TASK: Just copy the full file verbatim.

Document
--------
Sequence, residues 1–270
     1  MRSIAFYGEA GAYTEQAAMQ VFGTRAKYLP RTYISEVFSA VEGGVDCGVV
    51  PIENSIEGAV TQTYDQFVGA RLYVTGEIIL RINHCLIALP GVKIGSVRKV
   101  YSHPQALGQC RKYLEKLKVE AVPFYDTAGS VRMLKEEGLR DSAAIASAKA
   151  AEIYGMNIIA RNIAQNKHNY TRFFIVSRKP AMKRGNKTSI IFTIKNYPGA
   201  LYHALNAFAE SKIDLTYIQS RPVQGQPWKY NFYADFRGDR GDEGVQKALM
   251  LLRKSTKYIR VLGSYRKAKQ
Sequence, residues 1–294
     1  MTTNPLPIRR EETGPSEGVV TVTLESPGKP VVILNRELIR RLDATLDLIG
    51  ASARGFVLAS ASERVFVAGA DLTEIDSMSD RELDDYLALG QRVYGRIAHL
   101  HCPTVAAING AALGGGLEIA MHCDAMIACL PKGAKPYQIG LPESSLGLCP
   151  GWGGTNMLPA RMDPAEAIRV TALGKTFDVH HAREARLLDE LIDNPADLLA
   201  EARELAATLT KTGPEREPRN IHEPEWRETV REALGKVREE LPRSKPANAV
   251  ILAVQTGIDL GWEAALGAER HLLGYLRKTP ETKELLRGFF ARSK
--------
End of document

Sequence, residues 1–270
     1  MRSIAFYGEA GAYTEQAAMQ VFGTRAKYLP RTYISEVFSA VEGGVDCGVV
    51  PIENSIEGAV TQTYDQFVGA RLYVTGEIIL RINHCLIALP GVKIGSVRKV
   101  YSHPQALGQC RKYLEKLKVE AVPFYDTAGS VRMLKEEGLR DSAAIASAKA
   151  AEIYGMNIIA RNIAQNKHNY TRFFIVSRKP AMKRGNKTSI IFTIKNYPGA
   201  LYHALNAFAE SKIDLTYIQS RPVQGQPWKY NFYADFRGDR GDEGVQKALM
   251  LLRKSTKYIR VLGSYRKAKQ
Sequence, residues 1–294
     1  MTTNPLPIRR EETGPSEGVV TVTLESPGKP VVILNRELIR RLDATLDLIG
    51  ASARGFVLAS ASERVFVAGA DLTEIDSMSD RELDDYLALG QRVYGRIAHL
   101  HCPTVAAING AALGGGLEIA MHCDAMIACL PKGAKPYQIG LPESSLGLCP
   151  GWGGTNMLPA RMDPAEAIRV TALGKTFDVH HAREARLLDE LIDNPADLLA
   201  EARELAATLT KTGPEREPRN IHEPEWRETV REALGKVREE LPRSKPANAV
   251  ILAVQTGIDL GWEAALGAER HLLGYLRKTP ETKELLRGFF ARSK